Csodalatos!Hungary, Summer 2011 By P. Butler
Six Visual artists from three countries joined OM Arts in a multi-disciplinary team effort in the beautiful Hungarian city of Baja, just a few miles from the Serbian border. The team served a local church by reaching out primarily to youth. On the program were an arts camp, a city square concert, nightly worship gatherings, and time to connect with local artists—all great opportunities for God to work. Three highlights:
Facilitating workshops in photography, drawing skills, mixed media and collage, and sculpture, the team interacted with dozens of students. During the first week, after a full day of drawing, sculpting, dancing, and harmonizing, the Hungarian campers were ambushed by the love of God and a number of them gave their hearts to Christ.
At the end of the first week, the art team was asked to create a visual piece to coincide with the music to be played during a public event on the city's main square. While seeking God's message for the city during a prayer walk, the concept of "brokenness is the beauty" was impressed upon the artists. The intersection of brokenness and beauty, exemplified in the Cross, became the theme: a horrific event—crucifixion—was simultaneously a beautiful act of sacrificial love.
Could these artists recreate that moment visually? What was the Hungarian cultural equivalent of this concept? Did they have a word or phrase for it?
The next days were truly a feat of creative collaboration. In spite of temperatures soaring well into the 100's, the team immediately went to work brainstorming, sketching, buying art supplies, and on a linguistic search, speaking with translators and local believers, to find the right word. They quickly had a design sketch for a graffiti wall to be constructed on the main stage.
The word search yielded Csodalotos—signifying both the miraculous and the wonderful. A word one would use to describe birth. How fitting for what the artists wanted to depict.
The following days were a frenzy of stencil cutting, canvas-stretching, teaching classes, and hosing themselves down in the garden to keep cool—to the drumbeat of the music lessons downstairs.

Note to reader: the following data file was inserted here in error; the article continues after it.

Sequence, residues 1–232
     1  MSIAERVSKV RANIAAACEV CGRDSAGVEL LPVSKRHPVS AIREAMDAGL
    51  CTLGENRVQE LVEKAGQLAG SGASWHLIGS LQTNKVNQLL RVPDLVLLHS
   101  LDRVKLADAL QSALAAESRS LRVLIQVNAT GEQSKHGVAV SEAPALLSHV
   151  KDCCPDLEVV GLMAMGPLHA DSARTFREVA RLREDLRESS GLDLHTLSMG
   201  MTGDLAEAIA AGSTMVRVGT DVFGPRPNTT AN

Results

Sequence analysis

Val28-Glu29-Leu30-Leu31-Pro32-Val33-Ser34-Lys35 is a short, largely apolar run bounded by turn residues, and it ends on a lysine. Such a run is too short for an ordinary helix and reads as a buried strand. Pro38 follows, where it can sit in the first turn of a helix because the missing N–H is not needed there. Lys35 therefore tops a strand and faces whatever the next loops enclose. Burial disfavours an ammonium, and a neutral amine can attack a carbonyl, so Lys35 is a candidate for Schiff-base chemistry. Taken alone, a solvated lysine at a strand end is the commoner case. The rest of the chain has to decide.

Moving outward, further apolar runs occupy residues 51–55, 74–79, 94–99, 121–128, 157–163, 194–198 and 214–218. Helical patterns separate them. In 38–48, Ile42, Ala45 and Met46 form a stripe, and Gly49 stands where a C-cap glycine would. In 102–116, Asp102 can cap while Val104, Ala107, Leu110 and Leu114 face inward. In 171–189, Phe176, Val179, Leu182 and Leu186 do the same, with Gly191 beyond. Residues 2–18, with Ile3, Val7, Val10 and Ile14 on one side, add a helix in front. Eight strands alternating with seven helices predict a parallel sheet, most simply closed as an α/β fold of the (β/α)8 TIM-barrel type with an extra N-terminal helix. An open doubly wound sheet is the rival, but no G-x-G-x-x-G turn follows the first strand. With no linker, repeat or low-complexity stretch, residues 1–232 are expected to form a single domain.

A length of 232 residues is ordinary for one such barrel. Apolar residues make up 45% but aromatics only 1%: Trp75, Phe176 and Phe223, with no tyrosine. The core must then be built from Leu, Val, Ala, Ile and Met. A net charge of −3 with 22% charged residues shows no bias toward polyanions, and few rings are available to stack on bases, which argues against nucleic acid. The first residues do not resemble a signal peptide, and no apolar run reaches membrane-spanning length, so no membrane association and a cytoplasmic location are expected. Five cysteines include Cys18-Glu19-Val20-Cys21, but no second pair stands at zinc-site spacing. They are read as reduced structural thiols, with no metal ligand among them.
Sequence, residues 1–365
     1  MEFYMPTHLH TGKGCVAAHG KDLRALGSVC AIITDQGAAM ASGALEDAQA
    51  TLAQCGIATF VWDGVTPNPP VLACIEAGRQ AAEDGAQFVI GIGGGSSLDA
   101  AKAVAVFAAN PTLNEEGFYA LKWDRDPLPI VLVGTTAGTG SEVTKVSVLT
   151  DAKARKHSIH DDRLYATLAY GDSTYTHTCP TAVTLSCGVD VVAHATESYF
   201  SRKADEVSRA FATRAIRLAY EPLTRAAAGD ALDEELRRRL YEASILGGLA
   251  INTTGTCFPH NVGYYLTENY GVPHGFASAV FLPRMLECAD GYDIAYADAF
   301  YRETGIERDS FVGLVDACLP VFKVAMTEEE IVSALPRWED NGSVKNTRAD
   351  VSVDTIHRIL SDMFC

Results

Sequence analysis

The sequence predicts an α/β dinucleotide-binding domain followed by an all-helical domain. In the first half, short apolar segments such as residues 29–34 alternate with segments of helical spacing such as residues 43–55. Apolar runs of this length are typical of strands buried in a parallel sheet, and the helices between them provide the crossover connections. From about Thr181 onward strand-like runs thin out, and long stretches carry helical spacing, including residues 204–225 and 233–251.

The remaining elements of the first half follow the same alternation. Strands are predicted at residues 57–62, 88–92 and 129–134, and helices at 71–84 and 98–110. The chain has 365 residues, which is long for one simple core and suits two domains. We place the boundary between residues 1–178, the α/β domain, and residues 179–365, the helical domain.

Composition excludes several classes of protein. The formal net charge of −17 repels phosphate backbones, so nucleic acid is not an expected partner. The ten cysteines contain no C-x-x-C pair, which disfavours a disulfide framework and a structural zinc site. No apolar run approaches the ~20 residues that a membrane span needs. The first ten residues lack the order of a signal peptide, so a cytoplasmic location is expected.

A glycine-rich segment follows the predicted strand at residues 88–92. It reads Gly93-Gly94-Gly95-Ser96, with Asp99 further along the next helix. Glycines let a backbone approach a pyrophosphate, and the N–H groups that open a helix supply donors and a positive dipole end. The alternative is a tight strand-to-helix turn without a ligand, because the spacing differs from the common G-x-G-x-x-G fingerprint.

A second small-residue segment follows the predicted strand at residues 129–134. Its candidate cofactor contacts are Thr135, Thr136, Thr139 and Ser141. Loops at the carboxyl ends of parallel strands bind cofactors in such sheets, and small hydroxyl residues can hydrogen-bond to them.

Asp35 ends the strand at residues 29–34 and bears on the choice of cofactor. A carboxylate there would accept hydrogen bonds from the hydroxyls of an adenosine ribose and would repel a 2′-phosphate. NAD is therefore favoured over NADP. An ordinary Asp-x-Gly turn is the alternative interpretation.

The event night came and the stage in the city center square welcomed hundreds of Hungarians, drawn to the vibrant sound of the bands warming up. While the artists were busily framing the canvas backstage, the crowd built as the dancers danced and personal testimonies were given by some on the team. The graffiti wall was to be the grand finale, painted on a huge canvas during the last song, and used to call people forward to join in the miracle of new birth.
In spite of high winds taking the paint everywhere it seemed but on the canvas, a few miscues and running overtime, the crew finished to the roar of the crowd as the word "Csodalatos" appeared.
Pointing to the graffiti wall, the featured musician asked the audience to indicate a decision to follow after Jesus Christ by coming up on the stage, wetting their hand with paint, and putting their hand-print on the canvas around the word. Many came forward, including two homeless men. The ArtsLink team had the joy of helping all those who were making decisions to come forward and make their mark for Christ.
Meeting Local Artists
During the second week, the teams split up: dancers and musicians for a concert tour of several cities, visual artists staying behind to probe the arts scene in Baja and connect with local artists. Again, God did not disappoint. Working without translators, armed with city maps and determination, the artists were coming up empty handed until the last day—when local artists actually found them! The closing day was spent in the garden of the language school, with about a dozen artists, asking if they could meet and see their work. The art team had a very full afternoon sharing stories and portfolios, and left with an invitation to have a joint exhibition next summer!
Kudos to a team that worked tirelessly through many obstacles to reach the young people and artists of Baja.